Surety Bond Quarterly - Winter 2014 - (Page 22)

feature The Top 10 ThingS Know Public Owners Should About Surety Bonds SURETY BONdS ON a public construction project offer an owner the best possible fiscal and risk management tool: (1) thorough prequalification of the contractor and assurance that the bonded contractor is qualified to perform the contracted obligation; (2) a guarantee that the contract will be completed if the contractor defaults on its performance obligation; and (3) payment of certain laborers and suppliers if the contractor fails to pay for work performed or materials supplied. Surety bonds on public works projects protect the public treasury from the potentially devastating expense of contractor failure by transferring the burden of construction risk from the public owner to the surety company. Surety bonds. A surety bond is a three-party contract, by which one party (a surety company) guarantees the performance of another party (the principal, who is a contractor) to a third party (the obligee, or the public owner). Surety bonds used in construction are called contract surety bonds. 22 Types of contract surety bonds. There are three main types of contract bonds that sureties provide. A bid bond helps to screen out unqualified bidders and provides the owner a means to recover the cost of having to repeat the bidding process if the awarded bidder is unable or unwilling to enter into the contract and supply the required performance and payment bonds. A performance bond provides an owner with a guarantee that, in the event of a contractor's default, the surety will meet its obligations under the bond to fulfill the construction contract. A payment bond assures that certain subcontractors and material suppliers will be paid, if the contractor fails in its payment obligations. Licensed surety companies. Most surety bonds are written by divisions of insurance companies, which are licensed and regulated by state insurance departments. Unlike traditional two-party insurance policies, surety bonds are three-party agreements, in which the surety does surety BoNd Quarterly | WINTER 2014 not expect a loss. Through the surety's rigorous prequalification process, the surety expects the bonded contractor to perform its contractual obligations, significantly reducing the likelihood of default. Based on that expectation, the surety issues the performance and payment bonds guaranteeing those obligations. This is an enormous benefit to public owners, which are charged with guarding the public treasury. Miller Act bond requirements. For nearly 80 years, the federal government has required contractors on federal public works projects to obtain surety bonds to guarantee performance of the contract and the payment of certain subcontractors and suppliers. Under the Miller Act, a contractor on federal construction contracts exceeding $150,000 must obtain both a performance bond and a payment bond. The corporate surety company issuing such bonds must be listed as a qualified surety on the Treasury List. All states, and many local jurisdictions, have similar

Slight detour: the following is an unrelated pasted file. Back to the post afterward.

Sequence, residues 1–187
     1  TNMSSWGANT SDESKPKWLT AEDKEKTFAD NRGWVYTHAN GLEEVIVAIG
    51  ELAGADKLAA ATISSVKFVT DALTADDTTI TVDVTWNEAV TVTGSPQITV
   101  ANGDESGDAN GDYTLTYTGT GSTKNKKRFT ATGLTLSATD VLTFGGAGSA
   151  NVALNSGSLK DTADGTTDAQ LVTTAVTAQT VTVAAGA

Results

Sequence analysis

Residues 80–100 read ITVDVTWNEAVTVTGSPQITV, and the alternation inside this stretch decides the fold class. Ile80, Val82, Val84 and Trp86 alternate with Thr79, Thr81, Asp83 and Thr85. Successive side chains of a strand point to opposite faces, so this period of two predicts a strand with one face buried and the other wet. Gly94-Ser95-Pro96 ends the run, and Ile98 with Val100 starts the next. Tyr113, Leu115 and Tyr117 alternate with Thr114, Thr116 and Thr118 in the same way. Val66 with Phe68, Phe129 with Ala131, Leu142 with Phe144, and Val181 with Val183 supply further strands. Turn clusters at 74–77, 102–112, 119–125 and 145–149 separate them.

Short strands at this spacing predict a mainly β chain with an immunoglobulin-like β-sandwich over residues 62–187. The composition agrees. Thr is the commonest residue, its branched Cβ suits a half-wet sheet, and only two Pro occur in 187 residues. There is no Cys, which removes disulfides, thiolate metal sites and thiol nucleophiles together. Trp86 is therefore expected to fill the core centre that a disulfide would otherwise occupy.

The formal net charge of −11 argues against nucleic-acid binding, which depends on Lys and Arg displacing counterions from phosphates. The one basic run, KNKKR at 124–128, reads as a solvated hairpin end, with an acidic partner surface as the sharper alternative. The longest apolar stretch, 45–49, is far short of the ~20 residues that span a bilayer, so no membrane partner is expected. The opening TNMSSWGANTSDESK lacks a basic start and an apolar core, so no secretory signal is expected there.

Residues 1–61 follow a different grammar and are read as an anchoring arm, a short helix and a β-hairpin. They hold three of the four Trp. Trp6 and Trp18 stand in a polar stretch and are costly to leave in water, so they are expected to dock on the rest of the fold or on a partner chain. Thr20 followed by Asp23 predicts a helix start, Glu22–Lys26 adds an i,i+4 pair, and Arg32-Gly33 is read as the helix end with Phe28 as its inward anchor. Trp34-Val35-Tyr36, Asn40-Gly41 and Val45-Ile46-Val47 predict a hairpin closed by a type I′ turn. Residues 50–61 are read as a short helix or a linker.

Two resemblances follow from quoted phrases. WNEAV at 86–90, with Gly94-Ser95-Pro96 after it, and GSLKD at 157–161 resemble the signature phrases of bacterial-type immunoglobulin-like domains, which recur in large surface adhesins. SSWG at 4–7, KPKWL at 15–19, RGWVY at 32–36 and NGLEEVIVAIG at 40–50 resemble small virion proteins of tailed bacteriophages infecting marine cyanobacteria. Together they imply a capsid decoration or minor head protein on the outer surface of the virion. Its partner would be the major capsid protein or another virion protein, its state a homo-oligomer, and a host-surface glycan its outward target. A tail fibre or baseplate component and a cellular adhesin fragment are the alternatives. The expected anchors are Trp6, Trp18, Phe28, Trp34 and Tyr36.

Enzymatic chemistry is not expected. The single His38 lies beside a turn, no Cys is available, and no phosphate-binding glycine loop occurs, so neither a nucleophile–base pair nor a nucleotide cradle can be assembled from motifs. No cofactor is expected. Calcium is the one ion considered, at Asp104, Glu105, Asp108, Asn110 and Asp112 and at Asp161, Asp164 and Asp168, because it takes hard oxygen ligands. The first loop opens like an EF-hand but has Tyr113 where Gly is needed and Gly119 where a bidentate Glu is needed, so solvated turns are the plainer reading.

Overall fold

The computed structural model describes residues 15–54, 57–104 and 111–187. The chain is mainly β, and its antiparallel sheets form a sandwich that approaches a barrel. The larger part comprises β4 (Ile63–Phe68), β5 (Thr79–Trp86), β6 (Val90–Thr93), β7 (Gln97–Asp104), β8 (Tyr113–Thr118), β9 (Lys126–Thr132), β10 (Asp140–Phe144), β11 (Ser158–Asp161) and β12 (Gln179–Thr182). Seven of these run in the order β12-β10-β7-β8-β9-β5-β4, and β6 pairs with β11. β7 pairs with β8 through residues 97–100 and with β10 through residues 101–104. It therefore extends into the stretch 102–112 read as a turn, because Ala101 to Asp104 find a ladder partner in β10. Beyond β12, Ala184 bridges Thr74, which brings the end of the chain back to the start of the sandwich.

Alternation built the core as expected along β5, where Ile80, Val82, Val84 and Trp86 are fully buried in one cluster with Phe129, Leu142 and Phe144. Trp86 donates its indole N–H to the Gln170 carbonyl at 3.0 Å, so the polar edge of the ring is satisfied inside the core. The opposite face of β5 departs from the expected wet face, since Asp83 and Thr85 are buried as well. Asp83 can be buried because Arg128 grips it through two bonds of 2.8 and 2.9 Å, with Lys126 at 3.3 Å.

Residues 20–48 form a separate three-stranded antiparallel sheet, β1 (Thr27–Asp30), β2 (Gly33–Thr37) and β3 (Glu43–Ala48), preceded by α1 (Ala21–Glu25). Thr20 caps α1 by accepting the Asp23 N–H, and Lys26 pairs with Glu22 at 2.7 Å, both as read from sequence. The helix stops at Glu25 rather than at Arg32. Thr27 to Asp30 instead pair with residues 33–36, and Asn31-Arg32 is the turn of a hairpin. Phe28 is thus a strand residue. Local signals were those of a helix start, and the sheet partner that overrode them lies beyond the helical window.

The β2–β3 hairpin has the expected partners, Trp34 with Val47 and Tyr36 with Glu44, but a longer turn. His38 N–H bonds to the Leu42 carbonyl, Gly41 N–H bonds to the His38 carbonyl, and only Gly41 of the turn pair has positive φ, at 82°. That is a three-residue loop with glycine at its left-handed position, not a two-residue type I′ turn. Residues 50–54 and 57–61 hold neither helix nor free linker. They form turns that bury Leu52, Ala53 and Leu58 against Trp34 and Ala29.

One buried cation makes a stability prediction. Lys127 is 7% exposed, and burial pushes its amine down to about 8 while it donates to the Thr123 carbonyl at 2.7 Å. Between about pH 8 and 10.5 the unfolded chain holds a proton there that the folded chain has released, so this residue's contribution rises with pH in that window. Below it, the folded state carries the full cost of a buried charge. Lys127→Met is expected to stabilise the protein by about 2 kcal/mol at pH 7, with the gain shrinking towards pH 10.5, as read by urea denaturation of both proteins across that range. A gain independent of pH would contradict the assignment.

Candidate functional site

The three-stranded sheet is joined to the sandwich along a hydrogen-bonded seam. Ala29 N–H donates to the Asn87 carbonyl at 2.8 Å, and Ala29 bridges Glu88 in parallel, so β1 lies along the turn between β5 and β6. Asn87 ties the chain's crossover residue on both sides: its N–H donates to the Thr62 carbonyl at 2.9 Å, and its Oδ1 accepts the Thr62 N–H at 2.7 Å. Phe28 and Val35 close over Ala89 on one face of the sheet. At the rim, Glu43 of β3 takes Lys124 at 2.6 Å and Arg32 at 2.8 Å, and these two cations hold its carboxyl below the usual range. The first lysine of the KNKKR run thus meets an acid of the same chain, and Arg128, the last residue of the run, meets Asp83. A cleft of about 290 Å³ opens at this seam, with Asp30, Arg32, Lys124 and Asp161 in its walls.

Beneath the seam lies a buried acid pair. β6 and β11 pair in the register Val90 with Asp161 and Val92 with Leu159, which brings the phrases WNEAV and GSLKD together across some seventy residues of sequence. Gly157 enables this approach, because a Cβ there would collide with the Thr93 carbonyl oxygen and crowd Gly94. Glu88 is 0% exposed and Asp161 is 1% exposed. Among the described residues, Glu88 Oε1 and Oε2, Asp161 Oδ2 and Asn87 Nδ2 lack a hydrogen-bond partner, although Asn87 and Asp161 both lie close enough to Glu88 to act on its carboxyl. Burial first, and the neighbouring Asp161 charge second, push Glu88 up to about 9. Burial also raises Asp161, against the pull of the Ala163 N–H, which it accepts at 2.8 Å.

Table of Contents for the Digital Edition of Surety Bond Quarterly - Winter 2014

NASBP Upcoming Meetings
2014-2015 NASBP Executive Committee
From the CEO: Education is everywhere and in everything we do
Practical Insights: What You Need to Know-Lease Accounting, A new standard is coming
Surety Up North
Training the Next Generation of Surety Talent
EJCDC’s New P3 Document
The Top 10 Things Public Owners Should Know About Surety Bonds
What's a Construction Company's Most Valuable Asset?
NASBP Virtual Seminars
School’s Back!
New NASBP Resource: Information map of advocacy issues
Meetings in Photos
The Importance of Cracking the “WIP” Monthly
U.S. Customs and Border Protection to Deploy eBond
NASBP Outreach Continues Throughout the Year
Index to Advertisers

Surety Bond Quarterly - Winter 2014